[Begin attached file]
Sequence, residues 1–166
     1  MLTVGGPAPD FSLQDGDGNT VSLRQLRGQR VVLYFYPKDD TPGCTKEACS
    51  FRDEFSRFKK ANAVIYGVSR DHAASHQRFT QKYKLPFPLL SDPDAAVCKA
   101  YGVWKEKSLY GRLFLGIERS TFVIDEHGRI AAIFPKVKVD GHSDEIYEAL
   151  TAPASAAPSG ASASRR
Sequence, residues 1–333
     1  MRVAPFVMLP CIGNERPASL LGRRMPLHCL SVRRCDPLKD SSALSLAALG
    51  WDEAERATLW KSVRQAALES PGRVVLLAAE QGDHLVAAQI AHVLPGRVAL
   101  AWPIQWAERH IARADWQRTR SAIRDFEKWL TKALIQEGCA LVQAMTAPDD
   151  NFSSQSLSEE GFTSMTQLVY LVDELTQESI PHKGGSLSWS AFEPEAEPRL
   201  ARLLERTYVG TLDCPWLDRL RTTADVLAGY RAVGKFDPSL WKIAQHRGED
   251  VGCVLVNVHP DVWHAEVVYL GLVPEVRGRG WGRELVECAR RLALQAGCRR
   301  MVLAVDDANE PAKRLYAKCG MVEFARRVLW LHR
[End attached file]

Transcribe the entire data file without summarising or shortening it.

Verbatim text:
Sequence, residues 1–166
     1  MLTVGGPAPD FSLQDGDGNT VSLRQLRGQR VVLYFYPKDD TPGCTKEACS
    51  FRDEFSRFKK ANAVIYGVSR DHAASHQRFT QKYKLPFPLL SDPDAAVCKA
   101  YGVWKEKSLY GRLFLGIERS TFVIDEHGRI AAIFPKVKVD GHSDEIYEAL
   151  TAPASAAPSG ASASRR
Sequence, residues 1–333
     1  MRVAPFVMLP CIGNERPASL LGRRMPLHCL SVRRCDPLKD SSALSLAALG
    51  WDEAERATLW KSVRQAALES PGRVVLLAAE QGDHLVAAQI AHVLPGRVAL
   101  AWPIQWAERH IARADWQRTR SAIRDFEKWL TKALIQEGCA LVQAMTAPDD
   151  NFSSQSLSEE GFTSMTQLVY LVDELTQESI PHKGGSLSWS AFEPEAEPRL
   201  ARLLERTYVG TLDCPWLDRL RTTADVLAGY RAVGKFDPSL WKIAQHRGED
   251  VGCVLVNVHP DVWHAEVVYL GLVPEVRGRG WGRELVECAR RLALQAGCRR
   301  MVLAVDDANE PAKRLYAKCG MVEFARRVLW LHR